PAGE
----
What We Need to Learn for This Year’s Polls in Zimbabwe, Cameroon and DR Congo

As Zimbabwe, Cameroon and the Democratic Republic of Congo (DRC) prepare to hold historic polls in July, October and December respectively, concerns around violence, intimidation and credible electoral processes are rising.

In Zimbabwe, incidents of intimidation and threats of violence have been reported ahead of the 30 July election, which will be a test for the country’s democracy in a post-Mugabe era. In the DRC, the long-awaited and oft-delayed presidential vote – if indeed it happens – will tell whether President Joseph Kabila finally relinquishes power, enabling the country to rebuild after decades of political instability and conflict. And in Cameroon, beset with protracted conflict between the government and protesters in the Anglophone regions, President Paul Biya appears determined to extend his 35-year rule.

Term elongation – where constitutions are changed to allow the incumbent to retain power – is not new to Africa. However, other trends such as the peaceful transitions of power, judicial interventions and low turnout during elections were evident in the 2016/2017 African elections. Countries heading to the polls should take note.

Peaceful transitions of power

The Gambia, Somalia, Angola and Liberia all saw peaceful transitions of power despite some tense moments.

In December 2016, Gambian opposition candidate Adama Barrow defeated long-time leader Yahya Jammeh in the presidential elections. Jammeh conceded defeat, but then sparked a constitutional crisis by withdrawing his concession and calling for new elections. The Economic Community of West African States (ECOWAS) intervened, demanding that Jammeh hand over power and respect the will of the people. Following an ultimatum from the regional body to either step down or face a military intervention, he chose the former.

Regional bodies, often criticised for their ineffectiveness during political crises, in this instance demonstrated their effectiveness in safeguarding the democratic rights of African people and helped ensure a peaceful transition of power as mandated by the electorate. They need to play a more active role during upcoming elections to ensure credibility and rule of law. For instance, in addition to sending observers, regional bodies such as the Southern African Development Cooperation (SADC) should have a firmer voice in pronouncing on the credibility (or lack thereof) of elections. The SADC has previously been criticised for inaccurate reporting of the 2013 Zimbabwe elections. Furthermore, regional bodies should send advance missions to countries to assess their readiness to hold polls.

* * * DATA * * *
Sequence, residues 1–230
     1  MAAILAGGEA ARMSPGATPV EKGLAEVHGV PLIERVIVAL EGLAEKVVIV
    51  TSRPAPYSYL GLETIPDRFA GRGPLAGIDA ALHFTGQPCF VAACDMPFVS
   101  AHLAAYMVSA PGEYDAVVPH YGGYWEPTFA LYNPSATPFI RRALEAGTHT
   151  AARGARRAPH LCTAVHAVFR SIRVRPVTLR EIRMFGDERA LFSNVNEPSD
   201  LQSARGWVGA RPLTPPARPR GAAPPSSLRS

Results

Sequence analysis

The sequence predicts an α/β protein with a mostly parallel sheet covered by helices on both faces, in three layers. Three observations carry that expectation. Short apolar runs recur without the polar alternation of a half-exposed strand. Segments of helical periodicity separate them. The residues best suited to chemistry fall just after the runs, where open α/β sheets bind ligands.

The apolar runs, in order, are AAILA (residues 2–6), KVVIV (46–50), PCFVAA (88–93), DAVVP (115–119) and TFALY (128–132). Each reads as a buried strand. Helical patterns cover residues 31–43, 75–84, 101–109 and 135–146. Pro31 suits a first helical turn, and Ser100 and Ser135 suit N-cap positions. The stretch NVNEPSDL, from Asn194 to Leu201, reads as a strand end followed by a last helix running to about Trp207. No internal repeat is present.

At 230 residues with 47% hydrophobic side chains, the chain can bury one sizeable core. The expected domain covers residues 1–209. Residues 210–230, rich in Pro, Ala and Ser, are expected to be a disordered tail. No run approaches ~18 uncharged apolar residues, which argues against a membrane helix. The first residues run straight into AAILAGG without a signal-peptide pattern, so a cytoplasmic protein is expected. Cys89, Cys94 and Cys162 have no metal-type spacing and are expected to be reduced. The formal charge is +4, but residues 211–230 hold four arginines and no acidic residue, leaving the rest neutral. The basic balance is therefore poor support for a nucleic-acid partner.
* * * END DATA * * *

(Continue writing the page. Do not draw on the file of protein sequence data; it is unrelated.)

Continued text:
The Angolan elections on 23 August 2017 heralded a peaceful change in leadership in the ruling party. José Eduardo dos Santos, who had been in power since 1979, stepped down as president and leader of The People’s Movement of the Liberation of Angola (MPLA). He was succeeded by former defence minister and vice-president João Manuel Gonçalves Lourenço.

In Liberia, Ellen Johnson Sirleaf handed over power to George Weah in January 2018, after he defeated her vice-president Joseph Nyumah Boakai in a run-off election. This marked Liberia’s first peaceful transition of power since 1944. Johnson Sirleaf recently won the Mo Ibrahim prize for African leadership, awarded to heads of state who voluntarily and peacefully relinquish power after their term has ended.

Judicial interventions

The validity of the Kenyan and Liberian elections ended up being decided by the courts. Following Uhuru Kenyatta’s victory with 54% of votes, runner-up Raila Odinga contested the election results in the Supreme Court on the basis of fraud and electoral tampering. The Court found the Independent Electoral and Boundaries Commission (IEBC) failed to conduct the elections according to the Constitution. In an unprecedented move, it nullified the election results and ordered a re-run election. Kenyatta won 98% of the vote in the re-run election, which Odinga boycotted. The Supreme Court upheld the new results and dismissed the call by the opposition and civil society to reject the results, saying that the petitions lacked merit.

In Liberia, there were allegations of irregularities and fraud in the first round of elections. These polls saw the rise of former football star George Weah of the Coalition for Democratic Change (CDC), who won 38.4% of the vote. Prior to the rerun election which was originally scheduled for 7 November 2017, the Supreme Court called halted election preparations but later ruled that the run-off vote should go ahead. Weah was officially announced as president of Liberia in December 2017 after the run-off election, taking 61.5% of the vote against his opponent Joseph Boakai’s 38.5%.

In both Kenya and Liberia, a number of international elections observers, including representatives of the Carter Center and the National Democratic Institute, said the first round of elections were free and fair, despite a few irregularities at some polling stations. However, the Supreme Court rulings reveal that the judgment of election observers was wanting and has brought their role under sharp scrutiny.